Originally posted on May 30, 2020.
George Floyd. Christian Cooper. Two African American men, one killed by police officers and one targeted by a fellow citizen as a danger to her, because of the color of their skin. Their names and the images they conjure up for us are shocking yet eerily similar to images seen so often and experienced by too many in every community across this country.
Yesterday afternoon, May 29, 2020, a large group of people met in front of the Boone County Courthouse and then moved toward the Columbia Police Station to protest what happened this week in Minneapolis and to send the message “not here.” Let’s hope and pray we never see an image like that of George Floyd gasping for air, his neck under the knee of a police officer, coming out of Boone County. But, if that is our standard, if that is all we expect from our community, we will have missed the mark.
Over the years, I’ve attended many diversity training sessions, some organized by my work, some by my church. At one such training, we were divided into pairs, and I was fortunate to be paired with an African American woman, who was the pastor of one of the Historic Black churches here in Columbia. We went through several exercises together but the final one will remain with me always. We were asked to think about and then tell our partner of a time we were part of the “other” group and were treated differently because of that distinction.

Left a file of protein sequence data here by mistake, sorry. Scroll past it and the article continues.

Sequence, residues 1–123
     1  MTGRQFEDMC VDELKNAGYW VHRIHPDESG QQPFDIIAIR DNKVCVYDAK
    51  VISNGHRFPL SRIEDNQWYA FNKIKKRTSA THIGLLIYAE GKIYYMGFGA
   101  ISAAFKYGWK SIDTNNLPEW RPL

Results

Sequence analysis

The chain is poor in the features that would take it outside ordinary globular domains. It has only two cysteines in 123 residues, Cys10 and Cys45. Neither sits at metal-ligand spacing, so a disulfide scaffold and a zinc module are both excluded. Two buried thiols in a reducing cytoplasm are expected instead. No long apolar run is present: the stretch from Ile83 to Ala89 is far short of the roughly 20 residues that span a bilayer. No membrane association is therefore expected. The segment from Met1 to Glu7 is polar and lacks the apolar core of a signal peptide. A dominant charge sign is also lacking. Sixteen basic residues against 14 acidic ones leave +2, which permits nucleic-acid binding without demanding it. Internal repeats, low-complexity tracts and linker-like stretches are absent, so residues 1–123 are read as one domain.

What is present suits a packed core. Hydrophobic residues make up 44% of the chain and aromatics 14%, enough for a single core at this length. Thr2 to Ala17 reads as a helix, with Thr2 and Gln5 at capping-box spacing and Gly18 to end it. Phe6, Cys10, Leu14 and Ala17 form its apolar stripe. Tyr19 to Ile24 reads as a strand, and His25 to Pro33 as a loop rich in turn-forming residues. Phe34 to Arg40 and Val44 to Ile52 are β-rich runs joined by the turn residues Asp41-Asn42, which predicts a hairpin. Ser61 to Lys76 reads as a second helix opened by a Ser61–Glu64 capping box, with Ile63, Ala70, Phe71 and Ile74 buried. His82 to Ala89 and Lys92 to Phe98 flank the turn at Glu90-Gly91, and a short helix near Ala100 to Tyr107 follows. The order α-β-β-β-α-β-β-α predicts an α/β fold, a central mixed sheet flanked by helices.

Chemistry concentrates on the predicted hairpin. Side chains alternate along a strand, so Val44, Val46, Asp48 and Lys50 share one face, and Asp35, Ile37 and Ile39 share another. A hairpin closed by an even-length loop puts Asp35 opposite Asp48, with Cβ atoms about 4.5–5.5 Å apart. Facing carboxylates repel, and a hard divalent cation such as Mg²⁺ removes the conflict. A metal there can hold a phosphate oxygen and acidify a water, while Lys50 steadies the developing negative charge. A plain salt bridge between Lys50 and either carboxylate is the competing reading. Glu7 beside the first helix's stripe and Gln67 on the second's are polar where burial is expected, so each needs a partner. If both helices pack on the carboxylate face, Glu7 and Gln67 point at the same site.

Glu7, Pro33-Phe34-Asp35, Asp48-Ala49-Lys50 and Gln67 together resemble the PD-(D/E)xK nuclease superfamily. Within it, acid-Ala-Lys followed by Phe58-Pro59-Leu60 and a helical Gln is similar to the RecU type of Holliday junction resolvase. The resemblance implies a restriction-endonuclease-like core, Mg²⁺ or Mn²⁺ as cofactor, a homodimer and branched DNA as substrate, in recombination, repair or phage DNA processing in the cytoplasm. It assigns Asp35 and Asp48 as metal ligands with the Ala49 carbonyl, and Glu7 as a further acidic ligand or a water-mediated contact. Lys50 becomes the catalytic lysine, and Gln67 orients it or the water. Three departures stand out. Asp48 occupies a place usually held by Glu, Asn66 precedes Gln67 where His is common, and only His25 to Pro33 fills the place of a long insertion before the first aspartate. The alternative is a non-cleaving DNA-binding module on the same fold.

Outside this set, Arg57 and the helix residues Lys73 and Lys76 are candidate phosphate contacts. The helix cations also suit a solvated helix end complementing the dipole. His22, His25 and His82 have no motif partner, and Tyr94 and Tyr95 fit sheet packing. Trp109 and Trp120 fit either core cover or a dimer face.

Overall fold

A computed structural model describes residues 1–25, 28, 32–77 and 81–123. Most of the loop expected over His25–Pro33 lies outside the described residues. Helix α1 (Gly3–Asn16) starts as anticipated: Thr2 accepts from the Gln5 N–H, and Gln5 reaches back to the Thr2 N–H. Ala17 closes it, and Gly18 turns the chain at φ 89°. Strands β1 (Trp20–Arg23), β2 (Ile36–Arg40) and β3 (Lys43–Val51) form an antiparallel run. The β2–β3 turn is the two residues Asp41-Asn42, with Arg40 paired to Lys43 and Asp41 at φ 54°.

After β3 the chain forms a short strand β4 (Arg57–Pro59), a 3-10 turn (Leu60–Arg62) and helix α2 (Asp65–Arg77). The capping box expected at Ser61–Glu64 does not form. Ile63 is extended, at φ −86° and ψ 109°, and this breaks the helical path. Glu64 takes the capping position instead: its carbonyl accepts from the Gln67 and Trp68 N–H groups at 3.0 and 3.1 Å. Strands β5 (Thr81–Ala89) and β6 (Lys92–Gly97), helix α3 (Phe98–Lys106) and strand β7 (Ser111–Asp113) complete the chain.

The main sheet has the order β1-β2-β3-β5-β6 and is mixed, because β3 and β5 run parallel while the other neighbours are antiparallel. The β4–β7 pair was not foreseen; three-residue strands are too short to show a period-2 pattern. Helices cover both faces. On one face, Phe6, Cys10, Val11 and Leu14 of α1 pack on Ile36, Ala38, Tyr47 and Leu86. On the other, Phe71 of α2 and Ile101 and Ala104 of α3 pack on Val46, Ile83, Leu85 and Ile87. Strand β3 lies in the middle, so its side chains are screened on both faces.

After five minutes devoted to thinking about the issue, the facilitator told us to share with our partner. Because my brain had whirred during those five minutes, trying to come up with some time that had happened, I asked the Pastor to go first. She told me and later told the group, “it happens every day, many times every day. It’s not a question of “if,” it’s a question of “how often.”
The Pastor’s experiences are commonplace. And the difference between her experience and mine is also, regrettably, commonplace. Take the experiences of three of my friends in this community—Carla, Shelli and Jeff. Carla and Shelli are the Moms of boys and Jeff is the Dad of a son, who, like his Dad, is big and tall for his age. Carla’s son is older by over a decade than Shelli’s and Jeff’s. Shelli’s son, like Jeff’s, is big and tall for his age. Carla and Jeff are African Americans. Shelli is Caucasian. Carla, Shelli, and Jeff are all “white-collar” professionals, with leadership roles.
All three of my friends love their children and provide a host of educational and recreational opportunities for them, while still expecting them to live up to their parents’ expectations, from respecting their elders to wearing seatbelts in their cars. I suspect that the “house rules” for all three families look remarkably similar. Except for one huge difference. And, because of the age group, it is a stark contrast when you consider Carla’s son.
Carla and I talked a couple of years ago, right after one of the too-common stories about another person of color being stopped, being chased, being tased, being injured, being arrested, being killed. She told me that, when her son left the house in the evening to go out with his friends, her prayer was not that he enjoy himself. It was that he return home alive. The advice she gave him from an early age included how to interact with law enforcement.